Adam Sandler, Terry Crews, Jorge Garcia, Taylor Lautner, Rob Schneider, Luke Wilson, Will Forte, Steve Zahn, Harvey Keitel, Nick Nolte, Jon Lovitz, Whitney Cummings, Danny Trejo, David Spade, Nick Swardson, Vanilla Ice, Blake Shelton, Saginaw Grant, Julia Jones, Lavell Crawford, Chris Parnell, Jared Sandler, Dana Goodman, John Turturro, Steve Buscemi.

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  1. NW says:

    It takes a lot for a group of people to walk off a set. I have no interest in watching a film that denigrates Native Americans and women. So Adam Sandler, because you initiated this film – with the bare minimum of intelligence, wit, and respect – you are off my watch list. And I subscribe to Netflix, But I will never watch another one of your films.

  2. Cecil B. Devine says:

    Can the Estate of John Sturges sue? How about Sergio Leone? The Republic of Mexico?
    Steve McQueen died so they could sin.

  3. Marty says:

    I enjoyed this movie, which I watched while on my treadmill. In an Adam Sandler-specific way it was clever and funny. Not the worst way to spend two hours on a treadmill! The celebrity-filled cast made it even more fun. Context matters, folks. This is a ADAM SANDLER movie! What on earth were you expecting? To most adults, Sandler’s formula by now is well known- he plays to the lowest common denominator. If you find that type of humor to be objectionable and you still choose to watch ADAM SANDLER movies, well, you should go flog yourself. Reading the many scathingly negative reviews by critics and “moviegoers” on this site, as well as others, has been as entertaining as I personally found the movie to be. Haters, y’all need to lighten up a bit, or at least better manage your expectations when deciding whether or not to watch an ADAM SANDLER movie. Who else agrees?

  4. Ashley says:

    This movie was freakin hilarious. The hanging scene had me in tears; Taylor Lautner did a great job in this film. The headless shoot out was one of the funniest things I’ve seen in a while. The whole cast was a perfect ensemble of goof ball comedians having fun doing silly stuff. Donkey diarrhea, dangling eyeball, slapstick mixed with sentimental smile-inducing cuteness- it’s a great combo. If you can’t find the humor in a movie like this, then you aren’t a humorous person to begin with (you must be a lot of fun at parties! :/ bleh.)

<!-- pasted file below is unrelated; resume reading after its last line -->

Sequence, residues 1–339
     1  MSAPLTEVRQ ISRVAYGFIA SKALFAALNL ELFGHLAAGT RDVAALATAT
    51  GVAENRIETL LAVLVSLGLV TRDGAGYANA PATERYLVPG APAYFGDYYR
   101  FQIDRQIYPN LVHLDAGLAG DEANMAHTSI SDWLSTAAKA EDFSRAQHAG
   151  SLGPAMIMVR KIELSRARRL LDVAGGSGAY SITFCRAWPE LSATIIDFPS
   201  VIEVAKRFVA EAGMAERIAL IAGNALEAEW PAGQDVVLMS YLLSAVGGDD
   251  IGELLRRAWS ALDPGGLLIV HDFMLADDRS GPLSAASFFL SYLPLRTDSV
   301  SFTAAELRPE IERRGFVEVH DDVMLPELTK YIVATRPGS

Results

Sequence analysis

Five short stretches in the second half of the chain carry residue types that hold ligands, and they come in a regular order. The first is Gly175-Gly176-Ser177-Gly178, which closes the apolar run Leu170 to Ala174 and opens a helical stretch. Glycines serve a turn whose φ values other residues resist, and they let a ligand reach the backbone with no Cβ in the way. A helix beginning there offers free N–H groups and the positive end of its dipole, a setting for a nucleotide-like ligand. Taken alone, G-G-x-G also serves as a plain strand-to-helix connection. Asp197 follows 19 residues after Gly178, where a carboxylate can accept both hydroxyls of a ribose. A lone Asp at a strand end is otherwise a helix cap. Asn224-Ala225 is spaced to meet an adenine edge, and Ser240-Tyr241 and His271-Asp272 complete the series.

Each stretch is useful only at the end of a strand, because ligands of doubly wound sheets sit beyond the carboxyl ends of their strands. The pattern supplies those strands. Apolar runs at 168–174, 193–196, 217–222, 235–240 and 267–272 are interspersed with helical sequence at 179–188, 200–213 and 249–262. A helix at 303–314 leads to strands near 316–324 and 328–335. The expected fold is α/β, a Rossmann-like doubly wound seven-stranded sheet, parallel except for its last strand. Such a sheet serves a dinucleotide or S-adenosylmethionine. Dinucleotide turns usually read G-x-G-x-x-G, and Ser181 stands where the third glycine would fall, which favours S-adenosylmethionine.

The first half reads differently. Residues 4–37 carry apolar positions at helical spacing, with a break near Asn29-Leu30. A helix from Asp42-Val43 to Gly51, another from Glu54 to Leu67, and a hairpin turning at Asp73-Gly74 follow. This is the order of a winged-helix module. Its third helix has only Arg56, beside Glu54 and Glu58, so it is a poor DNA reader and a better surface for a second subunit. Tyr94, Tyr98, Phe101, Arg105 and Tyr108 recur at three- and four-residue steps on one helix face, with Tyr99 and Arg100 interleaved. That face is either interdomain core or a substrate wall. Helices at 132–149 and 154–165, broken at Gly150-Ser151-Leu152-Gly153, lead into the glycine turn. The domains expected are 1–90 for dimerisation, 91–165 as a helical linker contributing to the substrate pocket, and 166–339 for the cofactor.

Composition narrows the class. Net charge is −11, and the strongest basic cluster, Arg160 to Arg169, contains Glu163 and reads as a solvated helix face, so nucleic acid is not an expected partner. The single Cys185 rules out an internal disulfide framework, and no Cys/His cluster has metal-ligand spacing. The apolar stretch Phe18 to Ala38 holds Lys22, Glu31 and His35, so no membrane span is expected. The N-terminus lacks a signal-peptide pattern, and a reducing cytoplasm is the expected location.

5. A lot of advantages of the LBL directed-sequencing strategy was described

  6. carl sagen says:

    I thought Ridiculous 6 was a really funny, different way to go about a western. Most of Happy Madison productions the past few years have been so clique and boring, this was actually good. The film has a serious tone to it, meanwhile the happy madision shenanigans go on and this creates an interesting playful vibe and funny story. Im not sure why all the hate, its definitely one of his better movies lately. I think the fact that Happy Madison and crew are attempting a western is half of the humor. Im thinking in this tuff hollywood critic world, no matter how adam sandlers western turned out, people would trash talk it because, well, trash talking is cool now.

  7. Jon says:

    It spoofs The Good, the Bad and the Ugly
    And spoof True Grit Reteaming with such longtime collaborators as director Frank Coraci and writer Tim Herlihy (with whom he penned the script), Sandler here treats the American oater the way he treats almost every genre or concept these days, as a vehicle that can easily be made to accommodate his particular brand of cine-mediocrity. Ostensibly a spoof of “The Magnificent Seven” and other classic frontier epics (as well as a conveniently timed appetizer before Quentin Tarantino’s forthcoming “The Hateful Eight”), “The Ridiculous 6” poses no challenge to “Blazing Saddles” in that particular department, and indeed might as well have been titled “Western Movie,” given its resemblance to the barrel-bottom-scraping spoofs of the Friedberg/Seltzer school.

  8. Angel says:

    That’s your opinion, however I don’t agree. I think it’s a funny movie and that’s my review. Hating is not cool, and until I see a movie for myself, I refuse to believe you appointed critics. Lighten up!

  9. Continental says:

    Great flick! I haven’t seen a movie this funny in years. Just sit back and enjoy the laughs. Fantastic cast. Keep in mind it’s ment to be ridiculous.

  10. Jinxi Richow says:

    Poor “Chanukah Boy.”

    Sandler has lost all ability to be funny … unless you think using the word ‘rectum’ is a clear indication of comic genius.

  11. JJreal says:

    I really enjoyed this movie. It was a blast to watch. I loved those scenes with all the Indians especially that little Indian boy with his raised Tomahawk ready to fight the white man. The Hang scene was just too funny. Hope we get another one real soon.

  12. Vikithor says:

    Good or bad comedies do not exist … if someone can laugh … It has been paid. People here should watch only dramatic movies, cause they are boring like them.
    Hate yourself on the mirror is the best thing you can do instead coming here spread hate.
    Have a good Sunday.

  13. Indigenius Ideas says:

    This film is sits on the shelf with “Birth of a Nation”. This is a film that doesn’t belong near my family. Hitler and Woodrow Wilson would love it. 

    Anyone who thinks that Natives walking off a movie set is not a HUGE DEAL can’t grasp that the amount of movie roles for Native Americans would only fill a sewing thimble. They  can’t grasp that 99% of the roles for Natives in Hollywood are demeaning and are less than 1% of all movie roles. They can’t grasp that most Americans  can’t  even name a Native actor or actress…and NO a white person acting in a Native role-aka  Redface is NOT a Native actor.

     I was angry and offended by the script content that was released in Native media sources–yes Virginia there is an Indian Country in the US and we have our own media outlets!